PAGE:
Dementia is an umbrella term that covers a range of diseases impacting cognitive ability. The most common of these dementias is Alzheimer's Disease. Caring for a loved one with dementia can be a very difficult and scary thing if the caregiver is not knowledgeable about the dementia, what to expect, and the impact that dementia can have on their loved ones and family. This webpage is designed to help you become familiar with the 10 Warning Signs of Alzheimer's Disease, and provide resources in the community.
The 10 Warning Signs of Alzheimer's Disease
Forgetting recently learned information, forgetting important
dates and events, asking for the same information over and
over again, and relying on memory aides or family members
for things they used to handle on their own,
are all signs of Alzheimer's Disease.
Typical age-related change: Forgetting names or appointments but remembering them later.
A person with Alzheimer's disease may have difficulty developing or following a plan and working with numbers. A person may experience difficulty in following a familiar recipe, or keeping track of their budget. It also may take them longer to do tasks than before.
Typical age-related change: Making an occassional error when balancing a checkbook.
Sometimes people with Alzheimer's disease may have difficulty remembering familiar tasks. They may have difficulting with remembering the rules of a game, driving to a familiar place, managing a budget, or remembering how to cook a favorite food. Typical age-related change: Occasionally needing help with tasks such as recording a tv show or using appliances.
Sometimes people with Alzheimer's disease may have difficulty remembering what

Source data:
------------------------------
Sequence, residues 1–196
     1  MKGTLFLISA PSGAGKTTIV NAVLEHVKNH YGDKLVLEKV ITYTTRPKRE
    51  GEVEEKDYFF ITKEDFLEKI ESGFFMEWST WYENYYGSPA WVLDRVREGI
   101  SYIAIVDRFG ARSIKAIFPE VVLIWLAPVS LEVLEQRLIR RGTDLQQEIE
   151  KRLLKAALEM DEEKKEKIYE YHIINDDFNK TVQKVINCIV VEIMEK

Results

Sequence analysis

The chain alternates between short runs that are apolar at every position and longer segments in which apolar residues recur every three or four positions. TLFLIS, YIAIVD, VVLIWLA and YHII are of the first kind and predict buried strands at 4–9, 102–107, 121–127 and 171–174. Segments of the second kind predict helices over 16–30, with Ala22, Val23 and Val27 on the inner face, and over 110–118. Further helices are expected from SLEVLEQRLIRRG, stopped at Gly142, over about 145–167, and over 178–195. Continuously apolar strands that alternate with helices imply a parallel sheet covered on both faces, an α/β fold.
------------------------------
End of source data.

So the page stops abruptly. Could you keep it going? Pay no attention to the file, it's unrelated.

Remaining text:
season it is, where they are, or how they got somewhere. They may have difficulty
with the passage of time and remembering specific dates.
Typical age-related change: Forgetting what day of the week it is, but remembering it later.
People with Alzheimer's disease may experience vision problems. These may include having difficulty reading, judging distance, and determining color. They also may not recognize themselves when they pass a mirror.
Typical age-related change: Having changes in vision due to cataracts.
People with Alzheimer's disease may have difficulty joining a conversation or continuing one. They may begin to speak and forget what they were saying or repeat themselves. They may have difficulty with vocabulary and have trouble finding the right word, or call something by the wrong name.
Typical age-related change: Sometimes having difficulty finding the right word.
Sometimes a person with Alzheimer's disease may put things in the wrong place and have difficulty remembering where they put it. They may have difficulty in retracing their steps or accuse someone of stealing their missing item.
Typical age-related change: Occasionaly misplacing things such as glasses or dentures.
People with Alzheimer's disease may have decreased
or poor judgment such as giving large amounts of
money to telemarketers. They also may pay less
attention to things such as their personal hygiene.
Typical age-related change: Making a
poor decision once in a while.
Someone with Alzheimer's disease may remove themselves from favorite activities or hobbies. They may have difficulty remembering their favorite sports team or remembering how to complete their favorite hobby. They may avoid being social due to the changes they are experiencing.
Typical age-related change: Sometimes feeling weary of work, social, and family obligations.
Sometimes a change in mood will be noticed with people who have Alzheimer's disease. They may feel confused, anxious, depressed, angry, suspicious, or fearful. They may become easily upset when they are in situations out of their comfort zone.
Typical age-related change: Developing specific ways of doing things and become irritated when their routine is changed.
All information was provided by the Alzheimer's Association. For more information please go to http://www.alz.org/index.asp